We're planning our 6th trip to Alaska. We're coming back for 12 days this year and we've already decided we're coming for at least 14 days in 2012. I know we're in the minority, but a 37" max halibut limit is totally irrelevant to us. Where in the lower 48 can you catch dozens, if not a hundred, of 3-10 pound fish in a day ? Nowhere but Alaska.
1. Charter needs to obey the laws to the letter, no undersize fish, clients that catch their limit stop fishing (as/if required by law) - no handing off, no culling, no catch and release (if it's not allowed), no releasing injured fish and calling that catch and release, no keeping beyond limit. I couldn't care less if the fish is 10# or 100#. You injured or killed it, if it is a legal fish, you keep it. Nothing pisses me off as a client more than a charter boat captain that decides after he leaves the dock that he can stretch rules that apply to everyone else or "lose count". That more than anything else made me quit taking charters.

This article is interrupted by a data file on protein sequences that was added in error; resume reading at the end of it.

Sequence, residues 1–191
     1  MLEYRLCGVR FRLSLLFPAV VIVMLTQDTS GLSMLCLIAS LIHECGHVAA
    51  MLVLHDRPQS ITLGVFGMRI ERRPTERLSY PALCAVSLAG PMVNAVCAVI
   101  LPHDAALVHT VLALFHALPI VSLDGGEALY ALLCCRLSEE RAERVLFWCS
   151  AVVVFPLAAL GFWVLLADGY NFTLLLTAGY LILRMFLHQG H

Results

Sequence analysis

2. No mentioning the word "tip". Ever. Do this to me, or start giving the clients a lecture about tipping, and your just asking for an empty tip jar; you wouldn't believe how much this pisses clients off. We'll tip you if we want to tip you. Or you can pay your deckhand a decent wage and raise your charge to your clients. Just quit asking for tips/ We know what a tip is. We do tip - we do not need to be asked or told.
3. Sharp hooks. No dull hooks.
4. Relatively fresh fishing line. No old fishing line that has abrasions or kinks.
5. Fresh bait. I have seen dead, live bait; and refrozen frozen bait. No thank you.